Sharks IV (4.75X) 1987, massed media on fiberglass money. Combed and aluminum. (South, front) Viewing at 375 is excellent 24/7

599 LEXINGTON AVENUE at 53rd Street,
• Frank Stella: Salto Nel Mio Sacco. Stella, a painter, sculptor and printmaker, was born 1936 in Massachusetts and influenced by the abstract expressionism of Jackson Pollock and Franz Kline. 
Two-story tall work is easily viewed from street. 

 Botero's Eve 

• TIME WARNER CENTER 59th Street, Columbus Circle.
Fernando Botero: Adam and Eve bronzes.Sculptor, painter was born 1932 in Columbia.  
These large bronze sculptures are in the lobby. Influenced by Giotto and Piero della Francesca. Botero came to New York in 1960. Moved to Paris in 1973 and starting making sculptures. He begins with clay and then moves to bronze. Creates gigantic, exaggerated fantastical shapes of very heavy people.
Unofficially Adam is hand-on art. Many visitors grab his penis. Good view from street.

 The dark concave sloping north and south facades of this 50-story tower has a large glass-enclosed street level space on the buildings 57th street side, west end, where Sheldon Solow’s Art Foundation showcases about 20 works. Solow, number 113 in the Forbes 400 of richest Americans and the building’s owner, has a distinguished collection of art by Picasso, Matisse, Botticelli, Rothko, Bacon and Caravaggio. Though the gallery has a curator it is never open to the public. 
It is easy to miss it during the day but at night the gallery is extremely well lit and about 16 works are visible from the street. One drawback, bring telephoto lens or binoculars to read the information cards.

There is also:
• Alberto Giacometti: a thin tall man sculpture near the elevator bank past the turnstile. Giacometti is a Swiss born (1901 - 1966) painter and sculpture. In 2010 his Walking Man I sold at auction for a then world record for a work of art for $104.1 million.

Miro's Moonbird  at West 58th St.
On the sidewalk near the building’s 58th Street entrance is a large dark animal sculpture. The man at 9 West’s reception desk said it was a Henry Moore. Three web sites labeled it a Picasso. No it is neither but a  
• Joan Miro: Moonbird, 1966 bronze. Born in 1893 (d1983) in Barcelona, this Catalan painter and sculptor created playful child-like surrealistic works.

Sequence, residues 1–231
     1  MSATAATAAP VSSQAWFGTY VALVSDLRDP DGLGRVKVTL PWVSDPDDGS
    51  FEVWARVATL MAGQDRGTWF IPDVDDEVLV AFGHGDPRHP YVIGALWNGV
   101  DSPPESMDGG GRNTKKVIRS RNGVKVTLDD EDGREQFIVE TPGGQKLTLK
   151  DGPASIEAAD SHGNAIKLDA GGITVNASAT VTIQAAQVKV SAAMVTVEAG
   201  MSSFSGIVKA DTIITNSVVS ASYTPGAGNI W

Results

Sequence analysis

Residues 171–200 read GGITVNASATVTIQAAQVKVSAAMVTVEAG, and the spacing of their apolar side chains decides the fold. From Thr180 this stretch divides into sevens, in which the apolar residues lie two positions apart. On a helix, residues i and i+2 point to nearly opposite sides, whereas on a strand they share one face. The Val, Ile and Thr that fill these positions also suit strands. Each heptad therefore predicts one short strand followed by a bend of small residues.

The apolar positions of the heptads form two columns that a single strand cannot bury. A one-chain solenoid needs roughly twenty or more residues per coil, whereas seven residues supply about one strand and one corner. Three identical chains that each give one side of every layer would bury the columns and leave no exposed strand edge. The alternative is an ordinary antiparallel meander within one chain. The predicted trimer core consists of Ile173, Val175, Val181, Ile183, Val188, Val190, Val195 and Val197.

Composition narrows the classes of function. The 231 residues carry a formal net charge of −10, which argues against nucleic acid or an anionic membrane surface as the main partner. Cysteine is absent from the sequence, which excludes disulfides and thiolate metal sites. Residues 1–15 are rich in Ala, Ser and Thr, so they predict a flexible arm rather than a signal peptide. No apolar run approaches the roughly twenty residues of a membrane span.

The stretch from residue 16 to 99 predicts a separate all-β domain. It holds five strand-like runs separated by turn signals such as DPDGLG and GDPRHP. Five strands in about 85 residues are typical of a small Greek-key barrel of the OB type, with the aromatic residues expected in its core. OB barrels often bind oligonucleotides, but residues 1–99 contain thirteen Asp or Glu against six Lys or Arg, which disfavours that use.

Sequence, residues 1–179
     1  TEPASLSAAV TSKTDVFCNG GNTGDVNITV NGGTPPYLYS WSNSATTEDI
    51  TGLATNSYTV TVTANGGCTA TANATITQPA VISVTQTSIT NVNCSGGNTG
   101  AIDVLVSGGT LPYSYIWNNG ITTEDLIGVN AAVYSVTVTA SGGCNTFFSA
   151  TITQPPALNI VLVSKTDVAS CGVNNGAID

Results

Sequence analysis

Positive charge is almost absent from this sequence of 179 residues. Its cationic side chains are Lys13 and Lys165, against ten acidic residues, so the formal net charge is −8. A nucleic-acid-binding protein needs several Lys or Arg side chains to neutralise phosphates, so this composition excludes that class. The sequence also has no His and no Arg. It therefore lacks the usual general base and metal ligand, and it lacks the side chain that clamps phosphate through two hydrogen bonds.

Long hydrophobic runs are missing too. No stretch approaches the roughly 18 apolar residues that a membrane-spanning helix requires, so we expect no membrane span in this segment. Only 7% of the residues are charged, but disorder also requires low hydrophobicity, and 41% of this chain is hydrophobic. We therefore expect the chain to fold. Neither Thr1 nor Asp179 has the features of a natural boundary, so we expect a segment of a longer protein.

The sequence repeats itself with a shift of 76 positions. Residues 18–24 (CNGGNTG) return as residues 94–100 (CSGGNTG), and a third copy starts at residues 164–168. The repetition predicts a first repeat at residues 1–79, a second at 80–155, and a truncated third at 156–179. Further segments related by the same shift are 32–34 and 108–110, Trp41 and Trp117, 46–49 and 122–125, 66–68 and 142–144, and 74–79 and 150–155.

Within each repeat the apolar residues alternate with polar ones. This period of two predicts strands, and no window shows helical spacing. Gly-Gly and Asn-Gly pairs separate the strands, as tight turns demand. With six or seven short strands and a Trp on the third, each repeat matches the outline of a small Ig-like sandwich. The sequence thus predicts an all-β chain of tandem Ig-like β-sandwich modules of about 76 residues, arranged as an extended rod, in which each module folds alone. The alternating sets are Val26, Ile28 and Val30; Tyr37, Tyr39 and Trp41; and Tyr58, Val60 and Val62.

345 PARK AVENUE between 51-52nd Streets
• Robert Cook: Dinoceras, a bronze sculpture on the plaza’s south side this skeletal abstract depicts a mammal in motion. Born 1921 in Massachusetts.
• Stuart Davis:  After the Punch Card Fluted #3 woven in France by Pinton S.A. by Gloria F. Ross Tapestry 1989. Davis born 1892 in Philadelphia, died 1964. An Abstract painter, forerunner of the Pop Art movement he captured images of mid-twentieth century New York and jazz.
• Luis Sanguino: Amor 1934 statue. Born 1934 in Spain his statues are all over the world including The Immigrants in Battery Park and his first major work The Valley of the Fallen near Madrid.

• Caio Fonseca: Art Run Fifty-two year old Uruguayan-American raised in Greenwich Village. Abstract artist uses vibrant color and geometric floating shapes. His works are part of MOMA,  MET, and the Whitney Museum permanent collections.

LEVER HOUSE, 390 PARK AVENUE, 53-54th Streets.
The important Lever House Art Collection uses the building’s outdoor plaza and lobby to exhibit its works year round.
Building arcade extends from 57 to 56th Streets. The Marlbourgh Gallery, a tenant in the building, has ten sculptures on exhibit plus another in the lobby. Artists include Fernando Botero, Manolo Valdez and his bronze, Caballero, Tom Otternesss among others.

UBS ART GALLERY at 1285 AVENUE of the AMERICAS  between 51 and 52nd Streets. UBS sponsors four exhibits each year in its lobby to New York area nonprofit arts and cultural organizations.

Lobby viewing allowed during business work hours. Photos not allowed. This is just a small sample of what you may find in NYC commercial and residential buildings.

Photos by Rudi Papiri